CROs, sponsors, service providers, ethics committees, regulators and government bodies – including Quintiles, Parexel, Pfizer and AstraZeneca – have shared services free-of-charge with clinical research sites via the non-profit Alliance for Clinical Research Excellence and Safety (ACRES).
The initiative places networking technology at investigator sites, allowing them to share their trial information instantly with sponsors, institutional review boards (IRBs) and regulators.
The network can answer queries in real-time from these organisations about whether clinical sites have correct accreditation, for instance doctors’ qualifications, speeding up trial set-up.
Changes to the Declaration of Helsinki last October tightened documentation requirements for physicians conducting studies in humans:
“Many times [certification] of medical licenses and diplomas are not up-to-date and sponsors spend thousands of dollars trying to collect this information to get a site on board a clinical trial,” ACRES board member Al O. Pacino told Outsourcing-Pharma.com.
But there is no centralised repository for uploading these documents.
“When Bristol Myers-Squibb runs a clinical trial, they collect that information from every investigative site. The same goes for AstraZeneca, etc. So when a site runs 10 or 15 trials, they have to upload this same information 10 to 15 times.” IRBs and national regulators will also require the same information.
The process creates redundant information “silos,” said Pacino, wasting time and other resources for all drug development stakeholders.
$102m and counting…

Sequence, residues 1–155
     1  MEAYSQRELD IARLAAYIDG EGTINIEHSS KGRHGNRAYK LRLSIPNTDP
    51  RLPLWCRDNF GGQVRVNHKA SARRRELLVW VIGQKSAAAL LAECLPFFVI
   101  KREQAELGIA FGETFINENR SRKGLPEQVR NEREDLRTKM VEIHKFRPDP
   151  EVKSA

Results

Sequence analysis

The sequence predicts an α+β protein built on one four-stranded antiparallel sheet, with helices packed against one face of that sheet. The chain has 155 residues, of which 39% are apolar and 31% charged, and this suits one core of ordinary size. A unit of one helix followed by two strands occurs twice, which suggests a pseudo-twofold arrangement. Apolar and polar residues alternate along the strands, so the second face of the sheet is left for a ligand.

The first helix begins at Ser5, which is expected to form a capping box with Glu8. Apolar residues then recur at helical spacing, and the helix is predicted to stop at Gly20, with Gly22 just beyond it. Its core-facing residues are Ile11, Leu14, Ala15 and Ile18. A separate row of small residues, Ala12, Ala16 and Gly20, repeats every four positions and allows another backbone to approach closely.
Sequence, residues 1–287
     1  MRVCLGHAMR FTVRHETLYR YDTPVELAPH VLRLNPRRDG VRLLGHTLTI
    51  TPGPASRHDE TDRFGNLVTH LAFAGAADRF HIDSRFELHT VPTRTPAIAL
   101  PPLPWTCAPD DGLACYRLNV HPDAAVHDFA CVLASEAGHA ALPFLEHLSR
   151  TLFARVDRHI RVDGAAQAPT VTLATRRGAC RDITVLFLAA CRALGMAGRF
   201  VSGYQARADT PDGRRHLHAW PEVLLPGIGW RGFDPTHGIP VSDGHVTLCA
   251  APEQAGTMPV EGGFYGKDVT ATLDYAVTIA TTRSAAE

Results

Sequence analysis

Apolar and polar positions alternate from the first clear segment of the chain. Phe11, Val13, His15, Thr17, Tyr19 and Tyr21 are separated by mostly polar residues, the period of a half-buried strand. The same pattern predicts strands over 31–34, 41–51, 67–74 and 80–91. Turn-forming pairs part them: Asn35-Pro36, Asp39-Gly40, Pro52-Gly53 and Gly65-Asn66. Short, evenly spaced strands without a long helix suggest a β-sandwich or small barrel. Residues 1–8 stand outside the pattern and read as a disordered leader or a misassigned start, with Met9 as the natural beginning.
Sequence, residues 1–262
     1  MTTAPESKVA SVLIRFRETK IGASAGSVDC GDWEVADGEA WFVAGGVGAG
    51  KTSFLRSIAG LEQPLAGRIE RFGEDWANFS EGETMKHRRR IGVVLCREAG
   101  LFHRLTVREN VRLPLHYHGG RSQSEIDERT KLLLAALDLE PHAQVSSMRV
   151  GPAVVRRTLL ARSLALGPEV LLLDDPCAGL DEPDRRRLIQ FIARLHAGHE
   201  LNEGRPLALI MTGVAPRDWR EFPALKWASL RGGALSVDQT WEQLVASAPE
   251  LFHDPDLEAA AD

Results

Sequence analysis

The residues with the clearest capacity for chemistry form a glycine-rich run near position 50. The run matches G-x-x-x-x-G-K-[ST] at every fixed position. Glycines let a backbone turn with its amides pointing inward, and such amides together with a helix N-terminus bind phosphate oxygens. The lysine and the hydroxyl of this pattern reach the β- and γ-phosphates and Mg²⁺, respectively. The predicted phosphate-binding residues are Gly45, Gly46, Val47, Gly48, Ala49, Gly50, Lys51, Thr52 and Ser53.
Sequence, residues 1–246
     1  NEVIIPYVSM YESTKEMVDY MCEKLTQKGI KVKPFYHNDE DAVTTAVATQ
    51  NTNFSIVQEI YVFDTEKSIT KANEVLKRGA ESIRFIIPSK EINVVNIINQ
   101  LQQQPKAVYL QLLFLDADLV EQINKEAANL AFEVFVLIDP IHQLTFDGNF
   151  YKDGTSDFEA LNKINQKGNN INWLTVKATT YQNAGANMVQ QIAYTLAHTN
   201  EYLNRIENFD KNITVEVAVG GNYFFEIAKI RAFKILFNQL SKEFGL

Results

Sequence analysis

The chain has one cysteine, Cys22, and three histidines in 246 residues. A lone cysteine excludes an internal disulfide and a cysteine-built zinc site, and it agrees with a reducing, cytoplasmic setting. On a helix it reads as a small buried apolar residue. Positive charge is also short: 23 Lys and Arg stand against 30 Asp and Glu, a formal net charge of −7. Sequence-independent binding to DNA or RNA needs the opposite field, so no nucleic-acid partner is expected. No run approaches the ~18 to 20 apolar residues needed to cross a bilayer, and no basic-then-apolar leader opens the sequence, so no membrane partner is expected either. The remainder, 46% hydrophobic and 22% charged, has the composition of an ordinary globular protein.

Using ACRES as a non-profit conduit, pharma companies have pledged free systems for research units to deposit this data just once. Clinical trial investigators are already required to maintain this information locally in case of a regulatory audit – the ACRES initiative allows other stakeholders to access it and could create a global process and set of standards, said Pacino.
The agreement works by alliance members pledging tens of thousands of software licences to ACRES, which distributes the tech to research units. The system is cloud-based, with ACRES providing “just the glue” and not maintaining databases, said Pacino.
HealthCarePoints – of which Pacino is the CEO – has given software to the project which checks trial investigators’ credentials. Verified Clinical Trials has pledged its software for preventing dual patient enrolment, Pacino said, opening up the technology to Phase I units without the means to purchase it. Japanese tech giant Fujitsu has been “providing the IT backbone since they came on board about four months ago” with an electronic medical records system, said Pacino.
ACRES’ stakeholder consultations are attended by 100 of the biggest pharmaceutical players, Pacino said, with the most recent June meeting opened by Pfizer Chief Medical Officer Freda Hall.